With its breathtaking scenery of lush forests, caves, waterfalls, picture-book castles, and mountain backdrops, Slovenia is the perfect destination for any traveler. Although it is the smallest country in Eastern Europe, Slovenia is profitably located between eastern and western Europe and controls some of Europe’s major transit routes. It shares borders with Italy, Hungary, Croatia and Austria.
While its former-Yugoslav counterparts, Croatia and Bosnia-Herzegovina, were entangled in bitter fighting with Serbia, Slovenia succeeded in declaring its independence from Yugoslavia in 1991 after defeating the Serb-dominated Yugoslav’s People’s Army in a war that lasted only ten days. On 1 May 2004, Slovenia entered the European Union along with nine other states with 90 percent of Slovenes voting in favour of joining. At the time it was the only candidate country from the former Yugoslavia.
The capital Ljubljana is a city filled with baroque architecture, overflowing with art galleries and museums, with a thirteenth century castle overlooking the city. Travel southwest towards theAdriatic Coast where the Secovlje saltpans are located – a botanical Mecca scattered along the coast line with 45 endangered plant species, 200 species of bird, and a natural fish farm.
When to Go
The busiest and most crowded time to visit Slovenia is July and August, when most Europeans are on vacation. Temperatures are at their highest during this time averaging at around 85ºF (29ºC). During May to October the weather is pleasant and dry, making this a good time of year to visit. Winters are cold and snowy with an average temperature of 18ºF (0ºC). Ljubljana hosts the International Summer Festival between July and September, exhibiting the finest opera, theatre and classical music the country has to offer.
Slovenia has a population of two million people living within its 12,500 square miles, 70 percent of whom are Roman Catholic. Together the four largest cities, Ljubljana, Maribor, Celje, andKranj, hold only a quarter of the country’s population. Around 80 percent of people are Slovenian with Croats and Serbs contributing to the majority of the rest of population.
Slovenian is comparable to Croatian and Serbian and is a southern Slavic language. Written in the Latin alphabet, it is a difficult language to learn with its many cases and genders. Most people do speak Croatian and Serbian as well, and sometimes German and Italian. English is quite predominantly spoken amongst young people.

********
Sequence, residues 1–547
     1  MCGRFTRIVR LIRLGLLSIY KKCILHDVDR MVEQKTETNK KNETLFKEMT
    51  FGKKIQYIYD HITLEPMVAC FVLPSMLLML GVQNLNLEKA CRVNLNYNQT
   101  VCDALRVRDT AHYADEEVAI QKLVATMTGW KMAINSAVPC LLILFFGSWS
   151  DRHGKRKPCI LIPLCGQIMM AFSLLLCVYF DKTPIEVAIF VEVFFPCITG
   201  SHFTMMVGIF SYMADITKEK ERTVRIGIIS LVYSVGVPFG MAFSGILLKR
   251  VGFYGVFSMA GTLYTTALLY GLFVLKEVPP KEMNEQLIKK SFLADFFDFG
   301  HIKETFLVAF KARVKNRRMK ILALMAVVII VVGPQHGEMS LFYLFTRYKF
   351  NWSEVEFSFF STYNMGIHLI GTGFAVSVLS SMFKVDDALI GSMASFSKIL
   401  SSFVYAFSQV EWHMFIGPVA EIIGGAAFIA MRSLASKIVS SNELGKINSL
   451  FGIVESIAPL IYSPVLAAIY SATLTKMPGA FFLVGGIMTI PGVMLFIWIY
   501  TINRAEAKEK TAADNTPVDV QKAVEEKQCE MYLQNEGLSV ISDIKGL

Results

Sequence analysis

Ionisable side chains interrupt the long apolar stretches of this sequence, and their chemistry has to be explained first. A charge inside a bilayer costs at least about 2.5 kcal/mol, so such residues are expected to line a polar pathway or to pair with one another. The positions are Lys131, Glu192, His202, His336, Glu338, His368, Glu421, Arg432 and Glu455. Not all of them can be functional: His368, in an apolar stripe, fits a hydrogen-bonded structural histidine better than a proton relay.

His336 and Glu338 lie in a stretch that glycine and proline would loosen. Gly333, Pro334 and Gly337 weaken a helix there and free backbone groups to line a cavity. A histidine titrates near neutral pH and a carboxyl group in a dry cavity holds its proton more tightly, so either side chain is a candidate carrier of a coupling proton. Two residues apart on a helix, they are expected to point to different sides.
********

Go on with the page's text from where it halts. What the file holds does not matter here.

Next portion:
Getting around Slovenia is not always easy. The bus system is often the best option when it comes to public transport. It is possible to buy tickets from the driver when boarding or you can purchase tickets one day in advance to ensure a seat, which is recommended if planning a Friday afternoon trip when travel is at its busiest.
Slovenske Zeleznice (Slovene Railways) run on just 745 miles of track and offer some of the loveliest scenery for those wanting to take in the lush landscape Slovenia has to offer. Although the train service connects many parts of Slovenia, it is better utilised for long distances as the bus service is often faster for short distance trips. The rail service is linked to all major European cities.
The currency in Slovenia is the Euro. For up to date currency information, check the Currency Converter.
There are only a small number of hostels in Slovenia, however those on offer are of good quality with prices that are comparable to those of other European countries. Over the summer period it is advised to book in advance, when beds are in very high demand. Camping grounds are abundant and are a popular choice for many travelers, particularly in the summer months. Most camping grounds are small but are generally organised for activity and fun. Sports and leisure facilities are often included, and if not, are usually close by and most have playgrounds for those travelling with children.
Hotels are not overly pricey, however prices are on the increase and expect to be even higher once the Euro in fully in place. Those who can afford to indulge in higher-priced hotels will be delighted with the health programs many of them have on offer, such as steam baths, massage, Finnish saunas, and bowling.
Heavy and wholesome dishes such as njoki (potato dumplings), klobasi (sausage), and golaz(goulash) are traditional Slovenian cuisine. Influenced by its bordering Hungary, Dunajski zrezek, or Wiener schnitzel as it is more commonly known as, is often seen on menus. For holiday events, Slovenian breads are made stuffed with meat, vegetables, or for lovers of all things sweet, sugary fillings. Struklji are cheese dumplings and are a favourite. On Slovenia’s short coastline fish is also predominant on Slovenian menus along with other sea food.
There are no dress restrictions in Slovenia, however, even during the summer months it is wise to carry a light jacket, particularly during the evenings or when visiting the mountains where the air can be fresh.
Citizens of European Union countries, along with Canada, the United States, Israel, and Australia do not need a visa for stays of less than 90 days.
By Natasha Vuckovic
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